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Municipal Bonds Still a Good Buy

Look to intermediate-term muni bond funds, which will give you much of the return of longer-term munis with less interest-rate risk.

After a stellar 2014, municipal-bond investors need to rein in their return expectations and reassess the risks of tax-exempt bond funds.

Last year, muni bonds were buoyed by nearly ideal conditions, including a general improvement in the financial health of state and local issuers, big tax bills spurring investor demand for these bonds, and declining interest rates. (As interest rates fall, bond prices rise.) The Barclays Municipal Bond Index gained more than 9% for the year.

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Investors shouldn't expect a repeat performance this year. Prices have run up so much that there's little room for further gains, money managers say. The Federal Reserve is likely to start raising rates, casting uncertainty over all types of bond investments. And although muni default rates remain very low, negative headlines about troubled issuers, such as Chicago, New Jersey and Puerto Rico, can still shake up the market.

That doesn't mean investors should dump muni bonds. Tax-exempt bonds help diversify a portfolio of stocks and taxable bonds. And although muni yields are low by historical standards, "relative valuations are inexpensive," says John Miller, a managing director at Nuveen Asset Management. Consider how muni bonds stack up against Treasury bonds of the same maturity. In late April, for example, a 30-year AAA-rated muni yielded about 3%, versus 2.6% for a 30-year Treasury.

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Once you factor in munis' tax-exempt status, the comparison may look even better. With the top federal income tax bracket now at 39.6% and the introduction of the 3.8% surtax on net investment income, tax considerations are all the more important. Investors in the top federal tax brackets would have to find taxable bonds yielding well over 4% to get an after-tax yield equivalent to the 3% of the 30-year muni.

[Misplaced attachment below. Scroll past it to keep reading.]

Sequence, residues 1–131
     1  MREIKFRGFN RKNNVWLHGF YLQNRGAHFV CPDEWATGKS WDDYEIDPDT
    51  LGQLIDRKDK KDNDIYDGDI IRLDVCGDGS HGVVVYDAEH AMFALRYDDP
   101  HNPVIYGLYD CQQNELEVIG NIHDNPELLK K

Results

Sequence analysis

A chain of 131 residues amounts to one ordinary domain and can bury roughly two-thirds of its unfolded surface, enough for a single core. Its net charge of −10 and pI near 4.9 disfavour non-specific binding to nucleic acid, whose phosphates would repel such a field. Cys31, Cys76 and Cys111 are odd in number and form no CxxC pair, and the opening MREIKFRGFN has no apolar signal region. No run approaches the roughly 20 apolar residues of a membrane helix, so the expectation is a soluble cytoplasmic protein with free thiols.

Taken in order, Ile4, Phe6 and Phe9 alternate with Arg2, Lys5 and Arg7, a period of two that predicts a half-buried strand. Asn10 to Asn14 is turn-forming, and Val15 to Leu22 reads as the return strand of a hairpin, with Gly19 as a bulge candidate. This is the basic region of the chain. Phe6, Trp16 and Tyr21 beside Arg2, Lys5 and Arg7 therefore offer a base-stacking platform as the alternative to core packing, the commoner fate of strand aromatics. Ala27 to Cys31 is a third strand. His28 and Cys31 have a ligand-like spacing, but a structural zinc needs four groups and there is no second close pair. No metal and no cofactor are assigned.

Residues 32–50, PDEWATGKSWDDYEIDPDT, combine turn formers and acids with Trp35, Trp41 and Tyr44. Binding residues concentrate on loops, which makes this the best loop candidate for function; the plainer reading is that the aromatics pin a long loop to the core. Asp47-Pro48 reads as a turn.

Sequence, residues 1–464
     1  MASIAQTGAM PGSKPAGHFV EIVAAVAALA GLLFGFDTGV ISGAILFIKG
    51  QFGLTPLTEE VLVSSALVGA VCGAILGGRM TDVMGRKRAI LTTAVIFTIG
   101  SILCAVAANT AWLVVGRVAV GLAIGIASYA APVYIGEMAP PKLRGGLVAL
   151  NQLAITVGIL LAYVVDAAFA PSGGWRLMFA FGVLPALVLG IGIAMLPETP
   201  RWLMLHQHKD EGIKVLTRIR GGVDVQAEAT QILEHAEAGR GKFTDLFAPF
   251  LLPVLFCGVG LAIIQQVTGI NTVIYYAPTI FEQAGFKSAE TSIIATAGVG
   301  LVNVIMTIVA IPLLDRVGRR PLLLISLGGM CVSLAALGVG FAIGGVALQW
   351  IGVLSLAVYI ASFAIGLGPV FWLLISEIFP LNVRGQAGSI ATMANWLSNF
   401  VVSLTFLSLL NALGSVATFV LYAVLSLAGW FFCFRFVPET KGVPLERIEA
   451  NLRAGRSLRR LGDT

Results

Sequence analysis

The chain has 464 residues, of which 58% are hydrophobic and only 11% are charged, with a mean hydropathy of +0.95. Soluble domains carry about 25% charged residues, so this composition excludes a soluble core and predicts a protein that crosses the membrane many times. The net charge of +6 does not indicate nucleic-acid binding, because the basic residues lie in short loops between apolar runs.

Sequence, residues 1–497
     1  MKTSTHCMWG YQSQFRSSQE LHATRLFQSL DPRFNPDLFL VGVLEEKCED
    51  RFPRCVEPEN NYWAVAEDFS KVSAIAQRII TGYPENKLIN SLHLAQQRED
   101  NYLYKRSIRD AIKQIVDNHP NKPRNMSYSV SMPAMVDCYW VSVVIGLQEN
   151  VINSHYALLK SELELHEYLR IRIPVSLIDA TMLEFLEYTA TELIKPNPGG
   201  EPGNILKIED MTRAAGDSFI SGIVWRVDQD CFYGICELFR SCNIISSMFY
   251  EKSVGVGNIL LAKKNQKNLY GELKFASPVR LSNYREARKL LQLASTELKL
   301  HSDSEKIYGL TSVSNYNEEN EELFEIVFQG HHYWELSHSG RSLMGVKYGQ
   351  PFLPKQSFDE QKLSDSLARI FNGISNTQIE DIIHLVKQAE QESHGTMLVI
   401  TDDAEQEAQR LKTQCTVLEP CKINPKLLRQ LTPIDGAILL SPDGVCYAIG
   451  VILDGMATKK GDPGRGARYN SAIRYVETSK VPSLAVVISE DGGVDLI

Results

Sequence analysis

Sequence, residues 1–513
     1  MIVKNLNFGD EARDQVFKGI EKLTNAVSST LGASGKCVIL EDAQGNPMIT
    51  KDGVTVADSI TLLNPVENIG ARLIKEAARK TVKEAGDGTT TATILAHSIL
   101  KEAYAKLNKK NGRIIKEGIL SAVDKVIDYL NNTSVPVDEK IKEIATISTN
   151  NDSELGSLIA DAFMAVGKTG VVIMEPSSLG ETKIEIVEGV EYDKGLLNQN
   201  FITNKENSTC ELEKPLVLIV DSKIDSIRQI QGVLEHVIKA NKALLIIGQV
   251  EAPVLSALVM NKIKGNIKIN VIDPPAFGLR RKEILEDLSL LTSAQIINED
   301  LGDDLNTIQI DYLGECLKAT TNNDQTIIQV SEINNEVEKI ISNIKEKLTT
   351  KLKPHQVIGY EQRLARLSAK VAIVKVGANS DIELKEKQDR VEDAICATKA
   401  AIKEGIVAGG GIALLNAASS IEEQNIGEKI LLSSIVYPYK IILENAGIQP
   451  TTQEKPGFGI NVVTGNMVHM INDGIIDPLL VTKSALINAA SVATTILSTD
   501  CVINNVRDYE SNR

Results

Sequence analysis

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For retirees, however, the tax picture may be muddier. Muni bond income is counted when calculating potential taxation of Social Security benefits and Medicare Part B premium surcharges. If you are married filing jointly and your adjusted gross income, tax-exempt interest and half of your Social Security benefits total more than $32,000, some of your benefits may be taxed. And if your adjusted gross income plus tax-exempt interest is more than $170,000, you'll have to pay income-related Part B premiums.

Look to the Middle Ground

To get decent tax-exempt income while minimizing risk, many muni pros now recommend focusing on bonds with maturities in the 10- to 20-year range. Shorter-term bond yields aren't too enticing -- the average national short-term muni bond fund yields only about 1%, according to Morningstar. And longer-term bonds are highly sensitive to rising rates. With intermediate-term bonds, you can get most of the return of longer-term bonds but with "much less interest-rate risk," says Josh Gonze, portfolio manager at Thornburg Investment Management.

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Before picking a muni fund, check how it has performed during dicey periods for muni bonds. In 2013, for example, Detroit filed for bankruptcy, Puerto Rico's hefty debt load rattled investors, and the average intermediate-term muni fund lost 2.3%.

Intermediate-term bond funds that tend to hold up relatively well in rougher markets include Fidelity Intermediate Municipal Income (symbol FLTMX) and T. Rowe Price Summit Municipal Intermediate (PRSMX). "They're very conservative," says Kiran Lalani, a fund analyst at Morningstar. "Those tend to do well in environments where headline risk is an issue." Both funds far outpaced the category average in 2013.

With yields so low, minimizing expenses is key. The Fidelity fund charges fees of 0.36%, while the T. Rowe fund charges 0.5%. Another low-cost, high-quality fund is Vanguard Intermediate-Term Tax-Exempt (VWITX), with fees of 0.2%. Vanguard is set to introduce an even cheaper option, the Tax-Exempt Bond Index exchange-traded fund, with fees of 0.12%.

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